Limericks (1903)

THE origin of the term Limerick, as applied to a certain form of five-line stanza, seems to be as yet undiscovered. A statement was recently made that this stanza is so-called because it was invented by Edward Lear, and that he was born in Limerick, Ireland.

But Mr. Lear was born in London, and furthermore, he emphatically disclaims the credit of having created the type, and says that it was suggested to him by a friend as a form of verse lending itself to a limitless variety of humorous rhymes. Another suggestion offered is that the first stanza of the kind referred to the town of Limerick. This can scarcely be true, for the type dates back many centuries, although the title is of comparatively recent application.

Another explanation, and possibly the true one, is that a witty Irishman of Limerick made this particular form of stanza popular in political squibs. But whatever the origin of the title, it has been rapidly and widely accepted and fills a positive want.

The earliest known examples of the stanza are found in Halliwell’s collection of English Nursery Rhymes, among a large mass of jingling folk-lore, to which it is impossible to ascribe definite dates, but which was current about the fifteenth or sixteenth century.

The first line of these stanzas is usually a string of meaningless words which also forms a refrain at the last. A well-known one is:—

Diddledy, diddledy, dumpty!
The cat ran up the plum-tree;
Half a crown
To fetch her down,
Diddledy, diddledy, dumpty.

Another very ancient specimen is:—

Upon my word and honor,
As I was going to Bonner,
Without a wig,
I met a pig
Upon my word and honor.

But these lack the distinguishing trait of the modern Limerick, which is a first line stating the existence of a certain person in a definite place.

So far as may be verified, the oldest of these are also found among the “Mother Goose” rhymes, collected by Halliwell.

There was an old man of Tobago,
Who lived upon rice, gruel and sago;
Till, much to his bliss,
His physician said this:
“To a leg, sir, of mutton, you may go.”

There was an old soldier of Bister,
Went walking one day with his sister;
When a cow, at one poke,
Tossed her into an oak,
Before the old gentleman missed her.

After these, the earliest Limerick of positive and authenticated date, is one current in an English public school in 1834:—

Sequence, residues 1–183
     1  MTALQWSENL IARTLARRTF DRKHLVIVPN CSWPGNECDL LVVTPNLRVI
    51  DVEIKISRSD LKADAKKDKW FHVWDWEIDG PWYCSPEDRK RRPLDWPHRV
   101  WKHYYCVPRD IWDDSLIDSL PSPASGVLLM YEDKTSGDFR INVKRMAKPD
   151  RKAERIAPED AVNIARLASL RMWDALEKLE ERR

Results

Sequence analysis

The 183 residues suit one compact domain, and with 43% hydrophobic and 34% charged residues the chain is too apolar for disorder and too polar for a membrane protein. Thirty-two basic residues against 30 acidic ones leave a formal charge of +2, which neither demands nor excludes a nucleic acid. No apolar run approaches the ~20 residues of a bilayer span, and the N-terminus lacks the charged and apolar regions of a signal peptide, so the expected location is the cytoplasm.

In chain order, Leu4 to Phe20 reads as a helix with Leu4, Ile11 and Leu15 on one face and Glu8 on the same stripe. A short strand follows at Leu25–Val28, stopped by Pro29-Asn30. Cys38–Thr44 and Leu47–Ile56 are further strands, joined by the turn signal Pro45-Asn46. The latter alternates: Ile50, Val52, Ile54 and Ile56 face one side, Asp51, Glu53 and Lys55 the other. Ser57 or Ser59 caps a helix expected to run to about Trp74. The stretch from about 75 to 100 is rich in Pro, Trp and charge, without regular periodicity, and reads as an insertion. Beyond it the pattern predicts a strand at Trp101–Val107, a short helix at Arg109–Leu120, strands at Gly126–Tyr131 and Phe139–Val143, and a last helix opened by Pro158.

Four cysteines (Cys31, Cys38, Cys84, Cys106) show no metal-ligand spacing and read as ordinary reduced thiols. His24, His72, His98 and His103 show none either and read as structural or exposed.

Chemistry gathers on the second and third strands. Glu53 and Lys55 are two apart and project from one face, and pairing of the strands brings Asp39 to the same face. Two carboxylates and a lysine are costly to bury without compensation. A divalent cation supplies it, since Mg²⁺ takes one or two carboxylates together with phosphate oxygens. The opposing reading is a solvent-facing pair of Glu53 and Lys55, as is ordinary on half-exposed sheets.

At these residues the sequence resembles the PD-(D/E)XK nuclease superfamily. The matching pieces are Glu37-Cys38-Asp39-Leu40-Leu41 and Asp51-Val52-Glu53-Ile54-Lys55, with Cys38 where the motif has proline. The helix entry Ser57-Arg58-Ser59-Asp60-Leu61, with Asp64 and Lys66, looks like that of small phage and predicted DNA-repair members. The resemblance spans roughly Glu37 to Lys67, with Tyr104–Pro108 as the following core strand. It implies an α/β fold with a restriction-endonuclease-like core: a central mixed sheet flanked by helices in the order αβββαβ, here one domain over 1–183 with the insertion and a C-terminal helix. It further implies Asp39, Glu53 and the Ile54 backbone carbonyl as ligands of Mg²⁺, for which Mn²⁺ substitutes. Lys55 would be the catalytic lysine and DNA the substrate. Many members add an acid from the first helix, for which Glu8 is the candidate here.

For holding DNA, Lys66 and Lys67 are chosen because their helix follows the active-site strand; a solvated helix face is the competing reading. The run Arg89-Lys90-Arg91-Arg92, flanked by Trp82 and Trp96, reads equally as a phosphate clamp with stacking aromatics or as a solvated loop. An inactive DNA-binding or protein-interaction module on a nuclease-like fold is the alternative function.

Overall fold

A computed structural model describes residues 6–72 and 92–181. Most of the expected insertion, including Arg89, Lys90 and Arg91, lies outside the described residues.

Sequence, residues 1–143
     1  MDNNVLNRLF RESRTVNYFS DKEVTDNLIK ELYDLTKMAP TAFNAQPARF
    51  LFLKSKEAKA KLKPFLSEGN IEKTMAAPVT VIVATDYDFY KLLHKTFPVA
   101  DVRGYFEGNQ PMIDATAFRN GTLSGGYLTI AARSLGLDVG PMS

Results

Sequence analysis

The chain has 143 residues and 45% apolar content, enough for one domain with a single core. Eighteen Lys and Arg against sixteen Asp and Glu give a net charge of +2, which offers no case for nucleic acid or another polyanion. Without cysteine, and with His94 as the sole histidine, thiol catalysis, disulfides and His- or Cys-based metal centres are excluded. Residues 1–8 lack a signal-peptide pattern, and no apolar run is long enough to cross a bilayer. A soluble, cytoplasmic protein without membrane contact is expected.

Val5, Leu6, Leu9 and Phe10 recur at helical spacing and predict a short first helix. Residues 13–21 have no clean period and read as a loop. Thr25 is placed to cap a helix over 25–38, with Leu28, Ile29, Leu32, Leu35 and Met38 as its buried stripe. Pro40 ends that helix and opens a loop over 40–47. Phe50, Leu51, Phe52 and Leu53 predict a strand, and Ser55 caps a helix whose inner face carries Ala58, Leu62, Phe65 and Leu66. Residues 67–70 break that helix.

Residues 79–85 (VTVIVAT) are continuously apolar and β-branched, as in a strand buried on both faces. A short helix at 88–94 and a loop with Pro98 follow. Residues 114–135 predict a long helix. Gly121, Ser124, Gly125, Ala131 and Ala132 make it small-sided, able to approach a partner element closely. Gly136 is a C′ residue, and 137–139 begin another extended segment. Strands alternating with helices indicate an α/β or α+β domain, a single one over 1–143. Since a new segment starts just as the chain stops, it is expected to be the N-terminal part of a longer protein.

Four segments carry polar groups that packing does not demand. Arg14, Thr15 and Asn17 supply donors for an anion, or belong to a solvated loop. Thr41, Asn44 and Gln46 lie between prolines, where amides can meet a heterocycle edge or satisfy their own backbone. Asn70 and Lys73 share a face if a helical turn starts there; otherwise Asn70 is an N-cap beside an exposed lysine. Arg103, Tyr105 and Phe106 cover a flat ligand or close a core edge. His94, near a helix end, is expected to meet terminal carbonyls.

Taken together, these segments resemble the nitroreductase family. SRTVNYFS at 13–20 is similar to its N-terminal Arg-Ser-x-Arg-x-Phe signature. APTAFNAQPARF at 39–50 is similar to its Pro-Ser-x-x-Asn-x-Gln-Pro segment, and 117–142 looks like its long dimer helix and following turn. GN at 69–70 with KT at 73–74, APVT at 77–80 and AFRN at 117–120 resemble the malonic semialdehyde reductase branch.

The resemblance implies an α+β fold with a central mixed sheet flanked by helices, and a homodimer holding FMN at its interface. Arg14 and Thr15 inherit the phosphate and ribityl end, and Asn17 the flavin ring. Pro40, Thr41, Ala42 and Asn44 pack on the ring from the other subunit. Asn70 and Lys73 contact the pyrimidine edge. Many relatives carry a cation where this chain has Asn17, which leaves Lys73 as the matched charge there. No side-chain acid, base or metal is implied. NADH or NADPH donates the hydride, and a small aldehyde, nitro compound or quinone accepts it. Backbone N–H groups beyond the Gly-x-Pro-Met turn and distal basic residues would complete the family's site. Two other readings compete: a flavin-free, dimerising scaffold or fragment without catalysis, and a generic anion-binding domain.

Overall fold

There was a young man of St. Kitts
Who was very much troubled with fits;
The eclipse of the moon
Threw him into a swoon,
When he tumbled and broke into bits.

In 1846 Edward Lear published his first collection of “Nonsense Rhymes,” which, though not called Limericks, are all written in that form.

Aside from their first-rate nonsense, the distinguishing qualities of Mr. Lear’s Limericks are their coined words and their rhymes to difficult geographical names:—

no 1
There was an Old Man of Aôsta,
Who possessed a large cow, but he lost her;
But they said, “Don’t you see,
She has run up a tree,
You invidious Old Man of Aôsta?”

There was a Young Person of Crete,
Whose toilette was far from complete;
She dressed in a sack
Spickle-speckled with black,
That ombliferous Person of Crete.

no 2
There was an Old Man with a beard,
Who said, “It is just as I feared!
Two Owls and a Hen, Four Larks and a Wren,
Have all built their nests in mv beard.”

no 3
There was an Old Man of Apulia,
Whose conduct was very peculiar;
He fed twenty sons upon nothing but buns,
That whimsical Man of Apulia.

I,ear’s verses were followed, in 1864, by two books full of Limericks, which were privately published and sold for the benefit of the New York Fair in aid of the Sanitary Commission.

A few of these rhymes are here given:—

There was a Young Lady of Lynn
Whose waist was so charmingly thin,
The dressmaker needed
A microscope, she did,
To fit this Young Lady of Lynn.

There was an Old Man who said, “How
Am I going to carry my cow?
For if I should ask it
To get in my basket,
‘Twould make such a terrible row.”

There was an Old Man who said, “Do
Tell me how I’m to add two and two.
I am not quite sure
That it doesn’t make four,
But I fear that is almost too few.”

Among English authors of Limericks may be mentioned the late Cosmo Monkhouse, who published a book of them, of which we subjoin two:—

no 4
There was an Old Person of Benin,
Whose clothes weren’t fit to be seen in;
When told that he shouldn’t,
He replied, “Gumscrumrudent!”
A word of inscrutable meaning.

no 5
There once was an Old Man of Lyme
Who married three wives at a time.
When asked, “Why the third?”
He replied, “One’s absurd,
And bigamy, sir, is a crime.”

Walter Parke is responsible for the next.

There was a young man who was bitten
By twenty-two cats and a kitten;
Sighed he, “It is clear
My finish is near—
No matter; I’ll die like a Briton.”

no 6
There once was a baby of yore,
But no one knew what it was for;
And being afraid
It might be mislaid,
They put it away in a drawer.

The only Limerick that Rudyard Kipling is known to have written is the oft-quoted:—

There was a small boy of Quebec,
Who was buried in snow to his neck;
When asked, “Are you friz?”
He replied, “Yes, I is;
But we don’t call this cold in Quebec.”

Another well-known one is W. S. Gilbert’s “Nonsense-Rhyme in Blank Verse.”

There was an Old Man of St. Bees
Who was stung in the arm by a wasp.
When asked, “Does it hurt?”
He replied, “No, it doesn’t,
But I thought all the while ’twas a hornet.”

This is said to have been inspired by Edward Lear’s